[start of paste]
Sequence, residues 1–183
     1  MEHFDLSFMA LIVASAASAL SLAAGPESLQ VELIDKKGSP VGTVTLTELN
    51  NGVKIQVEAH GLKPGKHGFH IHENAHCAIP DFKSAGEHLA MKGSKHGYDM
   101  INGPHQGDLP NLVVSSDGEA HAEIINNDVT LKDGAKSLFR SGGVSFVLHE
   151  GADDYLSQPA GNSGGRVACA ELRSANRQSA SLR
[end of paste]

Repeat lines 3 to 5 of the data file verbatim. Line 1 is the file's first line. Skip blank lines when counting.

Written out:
    51  NGVKIQVEAH GLKPGKHGFH IHENAHCAIP DFKSAGEHLA MKGSKHGYDM
   101  INGPHQGDLP NLVVSSDGEA HAEIINNDVT LKDGAKSLFR SGGVSFVLHE
   151  GADDYLSQPA GNSGGRVACA ELRSANRQSA SLR